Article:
NaNoWriMo: Week One – Don’t Panic

Don't Panic illustrative image

“I love deadlines. I like the whooshing sound they make as they fly by.”
Douglas Adams

Week One. Day Three. Far less words than I should have.

A few years ago I might have panicked at my current word count, but as a fifth year participant I am here to tell you it will all be okay.

See, there are still 27 days left and while I know that some will be as crazy as these last couple, I also know that there will be plenty of them that will not be. I’ve also learned that given a free afternoon and some quiet I can turn out 5,000 words fairly easily.

Other concerns not worth panicking over at this point:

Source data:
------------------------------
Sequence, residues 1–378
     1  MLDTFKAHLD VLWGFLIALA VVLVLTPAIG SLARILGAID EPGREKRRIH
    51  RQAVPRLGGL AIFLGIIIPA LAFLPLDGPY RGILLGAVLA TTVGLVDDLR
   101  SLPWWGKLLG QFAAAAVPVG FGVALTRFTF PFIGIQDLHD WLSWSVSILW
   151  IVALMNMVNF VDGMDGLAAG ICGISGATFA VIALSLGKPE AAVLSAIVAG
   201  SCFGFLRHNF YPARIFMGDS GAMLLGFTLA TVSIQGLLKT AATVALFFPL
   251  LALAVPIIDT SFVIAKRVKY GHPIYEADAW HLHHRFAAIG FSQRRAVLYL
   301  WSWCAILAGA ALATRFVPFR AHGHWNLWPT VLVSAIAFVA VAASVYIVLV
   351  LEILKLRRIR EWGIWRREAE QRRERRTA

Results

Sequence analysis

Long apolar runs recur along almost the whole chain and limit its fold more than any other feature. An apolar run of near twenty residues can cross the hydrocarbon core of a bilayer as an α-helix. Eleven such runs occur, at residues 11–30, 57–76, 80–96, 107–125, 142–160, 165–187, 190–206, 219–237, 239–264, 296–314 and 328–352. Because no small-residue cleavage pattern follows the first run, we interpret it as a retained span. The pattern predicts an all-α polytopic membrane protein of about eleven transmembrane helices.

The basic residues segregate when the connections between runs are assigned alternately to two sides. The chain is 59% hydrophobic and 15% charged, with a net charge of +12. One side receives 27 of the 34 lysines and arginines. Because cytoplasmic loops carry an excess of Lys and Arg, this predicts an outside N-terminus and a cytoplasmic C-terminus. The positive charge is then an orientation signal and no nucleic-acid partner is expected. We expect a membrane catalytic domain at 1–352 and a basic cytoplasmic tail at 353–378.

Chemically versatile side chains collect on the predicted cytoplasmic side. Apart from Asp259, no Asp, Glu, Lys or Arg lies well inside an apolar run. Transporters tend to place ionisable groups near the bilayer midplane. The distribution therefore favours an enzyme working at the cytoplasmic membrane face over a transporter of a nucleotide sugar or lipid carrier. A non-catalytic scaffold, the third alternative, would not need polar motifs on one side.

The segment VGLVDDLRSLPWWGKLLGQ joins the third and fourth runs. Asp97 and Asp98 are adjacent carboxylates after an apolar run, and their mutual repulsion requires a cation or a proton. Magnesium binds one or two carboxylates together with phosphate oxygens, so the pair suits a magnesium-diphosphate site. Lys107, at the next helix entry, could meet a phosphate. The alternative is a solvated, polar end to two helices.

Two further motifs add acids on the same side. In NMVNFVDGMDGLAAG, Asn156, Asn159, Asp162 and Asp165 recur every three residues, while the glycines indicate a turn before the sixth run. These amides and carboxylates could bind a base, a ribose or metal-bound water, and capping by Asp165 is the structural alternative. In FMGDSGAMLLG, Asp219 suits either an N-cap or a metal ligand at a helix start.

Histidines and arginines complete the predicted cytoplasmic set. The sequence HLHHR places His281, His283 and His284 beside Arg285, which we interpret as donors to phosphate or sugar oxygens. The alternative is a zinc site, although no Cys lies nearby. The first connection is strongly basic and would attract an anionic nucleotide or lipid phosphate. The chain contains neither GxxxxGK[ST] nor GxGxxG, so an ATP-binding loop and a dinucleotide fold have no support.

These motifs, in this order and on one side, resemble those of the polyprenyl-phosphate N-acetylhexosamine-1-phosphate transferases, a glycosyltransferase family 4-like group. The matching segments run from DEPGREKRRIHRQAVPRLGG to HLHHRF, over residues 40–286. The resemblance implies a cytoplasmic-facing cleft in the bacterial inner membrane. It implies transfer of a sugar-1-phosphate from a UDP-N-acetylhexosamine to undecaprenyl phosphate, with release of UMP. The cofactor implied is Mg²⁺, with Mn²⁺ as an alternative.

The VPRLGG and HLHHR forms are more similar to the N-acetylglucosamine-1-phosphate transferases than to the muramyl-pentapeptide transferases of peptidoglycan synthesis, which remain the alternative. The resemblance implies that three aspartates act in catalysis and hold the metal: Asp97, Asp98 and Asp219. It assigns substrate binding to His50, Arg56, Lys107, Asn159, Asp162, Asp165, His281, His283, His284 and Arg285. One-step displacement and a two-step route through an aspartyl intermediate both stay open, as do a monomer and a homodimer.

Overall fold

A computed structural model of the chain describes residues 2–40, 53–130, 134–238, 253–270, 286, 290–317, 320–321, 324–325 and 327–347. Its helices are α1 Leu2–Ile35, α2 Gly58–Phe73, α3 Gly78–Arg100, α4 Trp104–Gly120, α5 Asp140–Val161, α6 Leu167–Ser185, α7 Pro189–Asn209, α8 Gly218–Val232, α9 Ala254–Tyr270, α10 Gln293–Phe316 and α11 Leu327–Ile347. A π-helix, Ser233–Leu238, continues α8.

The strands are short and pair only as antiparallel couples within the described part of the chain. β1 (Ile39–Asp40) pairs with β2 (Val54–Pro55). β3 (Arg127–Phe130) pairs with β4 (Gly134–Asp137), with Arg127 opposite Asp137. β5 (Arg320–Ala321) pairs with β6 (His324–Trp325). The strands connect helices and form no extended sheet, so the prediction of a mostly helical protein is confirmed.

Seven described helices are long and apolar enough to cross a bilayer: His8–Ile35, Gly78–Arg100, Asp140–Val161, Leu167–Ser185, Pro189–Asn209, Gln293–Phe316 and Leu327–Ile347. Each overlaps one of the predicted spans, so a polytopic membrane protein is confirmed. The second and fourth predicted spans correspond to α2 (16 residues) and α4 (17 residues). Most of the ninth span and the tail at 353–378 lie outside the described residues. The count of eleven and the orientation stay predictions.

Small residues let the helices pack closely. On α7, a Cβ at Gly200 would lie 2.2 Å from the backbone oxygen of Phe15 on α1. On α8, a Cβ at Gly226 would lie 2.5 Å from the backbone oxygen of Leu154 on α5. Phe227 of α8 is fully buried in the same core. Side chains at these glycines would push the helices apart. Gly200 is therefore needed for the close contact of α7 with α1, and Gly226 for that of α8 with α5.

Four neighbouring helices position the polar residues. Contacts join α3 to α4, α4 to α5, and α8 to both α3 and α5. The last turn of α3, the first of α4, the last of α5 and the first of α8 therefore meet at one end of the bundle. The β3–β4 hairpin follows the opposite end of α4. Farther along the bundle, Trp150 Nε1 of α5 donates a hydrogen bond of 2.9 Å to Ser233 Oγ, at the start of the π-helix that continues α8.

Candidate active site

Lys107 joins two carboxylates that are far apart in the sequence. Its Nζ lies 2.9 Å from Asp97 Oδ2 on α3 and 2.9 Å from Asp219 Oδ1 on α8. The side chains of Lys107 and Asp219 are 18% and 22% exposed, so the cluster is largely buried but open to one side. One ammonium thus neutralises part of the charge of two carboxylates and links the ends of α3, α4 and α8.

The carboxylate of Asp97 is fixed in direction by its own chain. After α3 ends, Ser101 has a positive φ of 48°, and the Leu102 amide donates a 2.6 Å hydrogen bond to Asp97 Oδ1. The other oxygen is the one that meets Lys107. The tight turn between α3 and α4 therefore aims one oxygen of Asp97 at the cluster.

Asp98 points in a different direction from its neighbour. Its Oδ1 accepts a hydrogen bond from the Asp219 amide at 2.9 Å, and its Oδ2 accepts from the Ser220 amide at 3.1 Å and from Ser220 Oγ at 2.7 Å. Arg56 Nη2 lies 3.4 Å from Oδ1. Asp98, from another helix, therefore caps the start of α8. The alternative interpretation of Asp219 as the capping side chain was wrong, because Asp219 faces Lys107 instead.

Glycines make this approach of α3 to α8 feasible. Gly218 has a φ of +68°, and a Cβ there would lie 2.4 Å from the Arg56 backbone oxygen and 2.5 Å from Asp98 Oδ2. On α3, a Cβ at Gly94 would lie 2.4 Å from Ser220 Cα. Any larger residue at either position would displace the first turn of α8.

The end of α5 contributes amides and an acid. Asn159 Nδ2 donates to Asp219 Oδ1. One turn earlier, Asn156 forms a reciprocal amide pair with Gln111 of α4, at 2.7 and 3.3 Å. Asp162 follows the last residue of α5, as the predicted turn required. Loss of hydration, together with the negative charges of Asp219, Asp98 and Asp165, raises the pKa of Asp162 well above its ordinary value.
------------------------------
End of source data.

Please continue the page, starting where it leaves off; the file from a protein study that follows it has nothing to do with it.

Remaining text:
– Plot holes
– Under-developed characters
– Editing (Got that? NO EDITING!)
– Impromptu character appearances
– Etc.

These things are all normal. Really, unless you main character died of a horrible accident yesterday or you already have a major unintentional paradox on page 3 things aren’t that bad. Even those things aren’t worth wasting precious energy panicking over.

Instead, take a deep breath, drink some nice warm tea and contemplate the best next step in your characters’ journey. Now type. One word. Another. Keep going. It will happen and remember, every word you type is one more word down than you had before.

If you’d like a little more impetus to help your word count, I hear a lot about ‘Write or Die‘ which will start deleting words if you take too long of a break from typing. If that sounds a bit too stressful, there’s also @nanowordsprints on twitter and, of course, attending a local (or online) write in. Sure, there will be some conversing, but those 10 and 15 minute word wars can do wonders for your word count.